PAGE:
his pipe and tobacco. With silken maneuvers, like a master weaver, he fills the pipe, tamps the tobacco, strikes a match, and draws. A blur of smoke drifts from his mouth and wafts before his eyes, lifting into the darkness, as ghostly and gray as his memories.
After this pipe, I'll get my coffee.
The doctor wants me to stop smoking. At ninety, why bother? It's not the smoke that affected my lungs. They said for sure it was. All those damn tests proved them wrong. It's fifty years of hardwood saw dust that doomed me, clogging and lacerating my lungs. Lung capacity: ten percent. That's me. I'm living on ten percent. You name it: it's ten percent of what I was or what I had.
Those days in the woodshop, I'll bet I made a million things. That was me, Arnie Fine, Builder of Small Things. Hell, we didn't know about face masks or ventilation systems then. Water over the dam.
He lifts himself out of the arm chair and shuffles to the kitchen. Last cup left in the pot. That will take just a flash to heat. He lights a match, turns on the gas burner, and fwoop. He can stand long enough for a single cupful to heat. Last cup of the day—two sugars and a little stir.
Back to the old chair for another pipe full, coffee in hand.
I read someplace, that some people seek pleasure while other's just hope for relief.
Tomorrow morning I'll see if I can make it around the corner to get a newspaper.
For now, I'll just finish my pipe. 01/26/2012
Steamed broccoli, carrots, and rice with a slice of buttered rye on the side. Arnie sits down to dinner, this same fare before him as most nights since Betty died ten years ago. He lights the single candle and pulls the paisley napkin from its ring and places it on his lap. He peppers the colorful mound on his plate. No grace is uttered; the slow somber partaking of the meal speaks all that's needed of his gratitude. He could have made chops or spaghetti, she had taught him how in her final months, but why bother—the ingredients, the cleanup—besides, the constancy calms and reassures him.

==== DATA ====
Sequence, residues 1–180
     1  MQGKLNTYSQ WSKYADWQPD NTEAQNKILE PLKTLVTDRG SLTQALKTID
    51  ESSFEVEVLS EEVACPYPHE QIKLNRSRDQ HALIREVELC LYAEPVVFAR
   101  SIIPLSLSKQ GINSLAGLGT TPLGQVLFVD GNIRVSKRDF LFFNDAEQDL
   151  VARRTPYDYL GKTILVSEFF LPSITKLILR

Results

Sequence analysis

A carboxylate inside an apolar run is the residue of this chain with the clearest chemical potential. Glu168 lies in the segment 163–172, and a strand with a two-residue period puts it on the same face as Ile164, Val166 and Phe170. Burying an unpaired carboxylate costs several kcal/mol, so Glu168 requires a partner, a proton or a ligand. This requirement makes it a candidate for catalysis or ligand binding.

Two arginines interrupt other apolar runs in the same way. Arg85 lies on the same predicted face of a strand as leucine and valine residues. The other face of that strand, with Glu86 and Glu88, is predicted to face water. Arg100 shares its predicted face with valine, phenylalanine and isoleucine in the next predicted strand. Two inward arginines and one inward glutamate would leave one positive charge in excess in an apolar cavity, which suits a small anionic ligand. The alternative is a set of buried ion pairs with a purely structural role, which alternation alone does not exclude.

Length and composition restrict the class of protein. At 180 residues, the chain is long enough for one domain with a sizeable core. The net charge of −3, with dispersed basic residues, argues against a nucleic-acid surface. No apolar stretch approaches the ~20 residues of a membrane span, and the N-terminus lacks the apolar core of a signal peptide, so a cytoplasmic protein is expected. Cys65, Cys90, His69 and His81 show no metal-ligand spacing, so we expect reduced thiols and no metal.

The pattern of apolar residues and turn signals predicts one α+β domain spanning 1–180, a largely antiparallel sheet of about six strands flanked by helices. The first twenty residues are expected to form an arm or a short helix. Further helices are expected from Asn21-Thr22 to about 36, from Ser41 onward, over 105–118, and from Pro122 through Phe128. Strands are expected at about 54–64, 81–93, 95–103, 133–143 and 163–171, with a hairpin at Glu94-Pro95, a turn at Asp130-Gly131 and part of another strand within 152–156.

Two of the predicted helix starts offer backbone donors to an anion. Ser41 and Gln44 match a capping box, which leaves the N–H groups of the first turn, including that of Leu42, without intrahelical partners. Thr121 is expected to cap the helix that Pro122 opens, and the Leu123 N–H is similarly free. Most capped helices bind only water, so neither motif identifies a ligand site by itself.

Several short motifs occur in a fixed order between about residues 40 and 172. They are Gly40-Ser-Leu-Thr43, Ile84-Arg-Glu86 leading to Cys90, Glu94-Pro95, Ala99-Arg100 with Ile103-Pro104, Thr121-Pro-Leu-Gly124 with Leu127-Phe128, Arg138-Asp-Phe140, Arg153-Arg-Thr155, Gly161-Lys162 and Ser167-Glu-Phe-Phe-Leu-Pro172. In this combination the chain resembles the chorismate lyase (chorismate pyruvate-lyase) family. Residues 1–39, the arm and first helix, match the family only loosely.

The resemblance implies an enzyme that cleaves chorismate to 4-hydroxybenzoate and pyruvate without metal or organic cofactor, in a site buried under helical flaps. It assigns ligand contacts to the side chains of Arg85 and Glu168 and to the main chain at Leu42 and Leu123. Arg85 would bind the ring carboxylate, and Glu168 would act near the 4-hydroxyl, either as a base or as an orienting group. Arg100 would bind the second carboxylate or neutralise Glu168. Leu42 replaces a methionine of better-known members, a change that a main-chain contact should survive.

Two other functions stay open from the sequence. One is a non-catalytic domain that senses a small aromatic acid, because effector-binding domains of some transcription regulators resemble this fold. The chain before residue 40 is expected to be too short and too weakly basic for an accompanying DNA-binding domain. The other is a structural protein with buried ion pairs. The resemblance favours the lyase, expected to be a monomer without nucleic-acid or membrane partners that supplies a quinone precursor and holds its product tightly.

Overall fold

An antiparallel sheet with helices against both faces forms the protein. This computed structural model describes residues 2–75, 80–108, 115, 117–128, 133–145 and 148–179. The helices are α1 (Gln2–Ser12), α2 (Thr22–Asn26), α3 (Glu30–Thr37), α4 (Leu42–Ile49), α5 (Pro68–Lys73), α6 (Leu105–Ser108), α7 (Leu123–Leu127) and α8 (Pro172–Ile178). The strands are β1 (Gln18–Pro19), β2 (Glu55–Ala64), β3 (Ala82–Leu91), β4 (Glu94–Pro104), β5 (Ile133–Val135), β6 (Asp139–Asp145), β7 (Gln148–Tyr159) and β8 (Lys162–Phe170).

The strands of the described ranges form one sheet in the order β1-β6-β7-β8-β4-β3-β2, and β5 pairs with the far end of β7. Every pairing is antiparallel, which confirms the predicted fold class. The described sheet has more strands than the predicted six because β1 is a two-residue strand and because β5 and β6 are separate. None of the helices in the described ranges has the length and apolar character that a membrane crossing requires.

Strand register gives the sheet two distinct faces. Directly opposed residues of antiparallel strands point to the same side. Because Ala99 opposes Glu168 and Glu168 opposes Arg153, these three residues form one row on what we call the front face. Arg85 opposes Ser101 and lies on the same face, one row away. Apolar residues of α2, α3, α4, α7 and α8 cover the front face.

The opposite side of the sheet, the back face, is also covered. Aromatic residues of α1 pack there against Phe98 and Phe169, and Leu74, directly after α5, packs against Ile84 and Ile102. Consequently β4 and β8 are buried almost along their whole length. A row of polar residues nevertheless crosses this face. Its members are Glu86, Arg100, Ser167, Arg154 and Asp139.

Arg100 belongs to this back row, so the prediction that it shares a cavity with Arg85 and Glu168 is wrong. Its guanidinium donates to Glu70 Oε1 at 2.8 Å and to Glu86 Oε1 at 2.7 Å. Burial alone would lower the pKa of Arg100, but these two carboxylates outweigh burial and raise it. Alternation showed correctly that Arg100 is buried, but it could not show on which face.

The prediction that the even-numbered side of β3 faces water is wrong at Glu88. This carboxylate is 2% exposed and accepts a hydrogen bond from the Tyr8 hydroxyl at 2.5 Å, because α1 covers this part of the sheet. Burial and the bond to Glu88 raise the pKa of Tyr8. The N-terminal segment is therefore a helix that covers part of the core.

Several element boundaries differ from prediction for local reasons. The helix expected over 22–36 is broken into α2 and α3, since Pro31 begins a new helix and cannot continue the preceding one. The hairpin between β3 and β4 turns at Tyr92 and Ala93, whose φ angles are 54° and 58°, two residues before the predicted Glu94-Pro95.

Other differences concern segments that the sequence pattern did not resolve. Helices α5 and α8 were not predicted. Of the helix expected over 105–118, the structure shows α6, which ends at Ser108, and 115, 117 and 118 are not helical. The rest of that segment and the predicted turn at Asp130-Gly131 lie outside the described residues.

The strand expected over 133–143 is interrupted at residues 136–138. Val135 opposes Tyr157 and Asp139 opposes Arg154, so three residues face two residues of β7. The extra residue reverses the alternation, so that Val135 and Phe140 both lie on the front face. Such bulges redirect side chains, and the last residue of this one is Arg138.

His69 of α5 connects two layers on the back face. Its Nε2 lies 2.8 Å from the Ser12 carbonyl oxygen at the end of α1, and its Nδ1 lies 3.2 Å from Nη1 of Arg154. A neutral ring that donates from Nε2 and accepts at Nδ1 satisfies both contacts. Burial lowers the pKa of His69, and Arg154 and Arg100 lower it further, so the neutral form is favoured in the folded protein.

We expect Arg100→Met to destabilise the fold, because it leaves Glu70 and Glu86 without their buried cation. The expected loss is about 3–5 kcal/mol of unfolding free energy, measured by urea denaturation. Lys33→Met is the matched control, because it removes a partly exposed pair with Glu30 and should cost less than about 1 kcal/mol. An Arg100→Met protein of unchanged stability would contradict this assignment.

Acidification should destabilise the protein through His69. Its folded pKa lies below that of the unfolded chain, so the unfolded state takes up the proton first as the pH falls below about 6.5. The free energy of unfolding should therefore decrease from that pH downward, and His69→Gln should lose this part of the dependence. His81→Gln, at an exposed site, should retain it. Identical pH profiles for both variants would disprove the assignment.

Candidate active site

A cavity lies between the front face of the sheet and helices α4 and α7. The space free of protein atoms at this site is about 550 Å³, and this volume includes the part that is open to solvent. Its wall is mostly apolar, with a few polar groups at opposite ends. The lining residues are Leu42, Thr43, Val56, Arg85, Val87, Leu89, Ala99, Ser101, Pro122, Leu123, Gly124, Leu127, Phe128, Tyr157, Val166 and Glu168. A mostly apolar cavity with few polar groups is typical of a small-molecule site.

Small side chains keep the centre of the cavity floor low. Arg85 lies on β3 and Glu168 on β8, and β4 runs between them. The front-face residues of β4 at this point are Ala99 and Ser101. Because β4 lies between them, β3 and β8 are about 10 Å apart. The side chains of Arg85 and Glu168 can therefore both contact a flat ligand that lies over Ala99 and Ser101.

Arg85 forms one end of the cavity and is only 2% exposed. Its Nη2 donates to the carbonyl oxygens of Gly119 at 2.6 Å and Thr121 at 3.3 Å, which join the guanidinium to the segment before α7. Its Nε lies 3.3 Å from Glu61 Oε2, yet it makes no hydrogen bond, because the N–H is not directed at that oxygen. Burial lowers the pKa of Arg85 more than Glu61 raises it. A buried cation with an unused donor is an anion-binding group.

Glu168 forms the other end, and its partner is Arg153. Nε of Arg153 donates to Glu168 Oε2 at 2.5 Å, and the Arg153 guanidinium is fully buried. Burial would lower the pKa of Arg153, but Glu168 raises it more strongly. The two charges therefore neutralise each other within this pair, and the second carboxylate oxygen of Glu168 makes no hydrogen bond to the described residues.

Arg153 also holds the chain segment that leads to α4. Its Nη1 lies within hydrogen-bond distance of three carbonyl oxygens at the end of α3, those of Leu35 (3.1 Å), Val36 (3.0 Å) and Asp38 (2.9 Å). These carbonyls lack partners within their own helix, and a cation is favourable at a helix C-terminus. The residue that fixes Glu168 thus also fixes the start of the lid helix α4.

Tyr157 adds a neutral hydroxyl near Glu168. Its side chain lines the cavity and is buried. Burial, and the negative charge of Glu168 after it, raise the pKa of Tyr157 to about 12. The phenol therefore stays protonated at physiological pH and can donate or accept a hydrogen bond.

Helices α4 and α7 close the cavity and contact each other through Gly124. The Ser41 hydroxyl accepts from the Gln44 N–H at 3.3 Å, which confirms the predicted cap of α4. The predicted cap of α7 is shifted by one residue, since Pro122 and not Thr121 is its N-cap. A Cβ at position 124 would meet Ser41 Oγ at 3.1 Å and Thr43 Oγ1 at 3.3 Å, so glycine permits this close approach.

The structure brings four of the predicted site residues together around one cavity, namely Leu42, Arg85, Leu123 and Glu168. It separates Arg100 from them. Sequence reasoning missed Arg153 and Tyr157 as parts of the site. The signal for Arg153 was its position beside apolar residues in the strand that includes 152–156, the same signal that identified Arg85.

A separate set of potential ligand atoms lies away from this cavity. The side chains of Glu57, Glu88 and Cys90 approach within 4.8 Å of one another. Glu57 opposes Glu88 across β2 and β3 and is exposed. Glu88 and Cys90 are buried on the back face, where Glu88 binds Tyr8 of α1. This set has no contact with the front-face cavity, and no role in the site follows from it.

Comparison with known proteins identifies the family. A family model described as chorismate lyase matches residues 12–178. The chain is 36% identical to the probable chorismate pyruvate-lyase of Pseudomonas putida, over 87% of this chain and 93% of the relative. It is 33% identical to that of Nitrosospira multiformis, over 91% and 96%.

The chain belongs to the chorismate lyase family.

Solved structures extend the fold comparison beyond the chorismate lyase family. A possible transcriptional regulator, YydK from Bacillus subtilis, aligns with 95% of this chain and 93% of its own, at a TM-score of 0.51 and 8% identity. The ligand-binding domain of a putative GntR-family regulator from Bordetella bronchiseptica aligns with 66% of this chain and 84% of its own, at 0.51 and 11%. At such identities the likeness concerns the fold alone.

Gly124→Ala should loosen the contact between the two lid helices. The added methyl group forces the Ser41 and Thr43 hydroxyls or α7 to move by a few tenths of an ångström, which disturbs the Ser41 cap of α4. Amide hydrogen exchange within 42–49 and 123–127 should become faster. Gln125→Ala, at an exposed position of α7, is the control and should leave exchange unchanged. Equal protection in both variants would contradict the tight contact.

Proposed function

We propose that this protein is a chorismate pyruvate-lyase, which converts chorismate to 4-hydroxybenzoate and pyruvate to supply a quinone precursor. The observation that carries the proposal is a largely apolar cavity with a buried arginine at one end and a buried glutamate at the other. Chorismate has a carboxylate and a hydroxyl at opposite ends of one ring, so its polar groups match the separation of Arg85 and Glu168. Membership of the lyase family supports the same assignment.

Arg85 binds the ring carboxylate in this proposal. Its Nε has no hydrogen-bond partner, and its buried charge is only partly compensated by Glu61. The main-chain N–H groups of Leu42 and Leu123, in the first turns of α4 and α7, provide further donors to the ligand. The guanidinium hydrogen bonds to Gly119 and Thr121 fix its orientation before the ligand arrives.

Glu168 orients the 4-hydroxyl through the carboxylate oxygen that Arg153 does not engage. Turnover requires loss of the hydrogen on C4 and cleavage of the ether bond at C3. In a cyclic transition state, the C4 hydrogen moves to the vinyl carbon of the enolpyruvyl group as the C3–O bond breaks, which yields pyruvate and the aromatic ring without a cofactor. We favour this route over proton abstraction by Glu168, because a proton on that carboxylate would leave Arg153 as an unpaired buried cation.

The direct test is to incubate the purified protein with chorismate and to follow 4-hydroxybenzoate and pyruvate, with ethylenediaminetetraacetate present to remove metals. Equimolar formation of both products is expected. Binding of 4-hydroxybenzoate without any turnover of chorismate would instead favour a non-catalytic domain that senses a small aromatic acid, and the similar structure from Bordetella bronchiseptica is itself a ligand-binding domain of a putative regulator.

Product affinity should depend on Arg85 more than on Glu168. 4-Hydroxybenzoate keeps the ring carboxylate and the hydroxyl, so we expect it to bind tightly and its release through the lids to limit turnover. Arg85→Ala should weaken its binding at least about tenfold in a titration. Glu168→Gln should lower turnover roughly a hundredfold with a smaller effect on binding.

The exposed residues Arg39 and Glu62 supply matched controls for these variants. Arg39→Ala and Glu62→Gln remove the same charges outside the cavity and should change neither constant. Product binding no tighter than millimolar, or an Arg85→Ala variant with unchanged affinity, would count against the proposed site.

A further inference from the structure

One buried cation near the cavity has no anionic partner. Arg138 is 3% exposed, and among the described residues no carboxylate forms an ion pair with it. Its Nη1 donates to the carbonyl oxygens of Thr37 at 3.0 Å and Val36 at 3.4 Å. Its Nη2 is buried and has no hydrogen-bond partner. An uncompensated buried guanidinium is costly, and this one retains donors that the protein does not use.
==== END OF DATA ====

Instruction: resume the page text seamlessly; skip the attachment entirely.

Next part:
He misses her conversation. He looks to her chair and can almost see her. He raises his glass of red wine to a toast, but stops and takes a sip. Why torture yourself? She's gone. He takes a few bites.
Dinner at Le Chanticleer. I think it was on Eighth Avenue. Betty was in those knee high boots I'd given her for Christmas, and that loden green cape. They were perfect for a January night on a jaunt into New York City. What was the occasion? That man at the bar tried to flirt with her all the way across the dining room. Sorry, swank, she's with me. A dozen oysters as an appetizer. The waiter was mortified when I asked for the same as a dessert.
Eating done, he drinks the final sip of wine and tilts the glass a little higher and a little longer to get the last drop. He pulls the napkin back into its holder to wait for breakfast. Three trips back and forth to the kitchen sink, sitting down for a minute between each one. Out of habit, even though there are few dishes and utensils, he pulls the drain board from under the sink and washes them, letting the hot water flow over his frail hands, rinsing the suds away.
This simple chore tires him even more. He makes it to his chair in the living room and lowers himself. Without needing to look, he reaches to the side for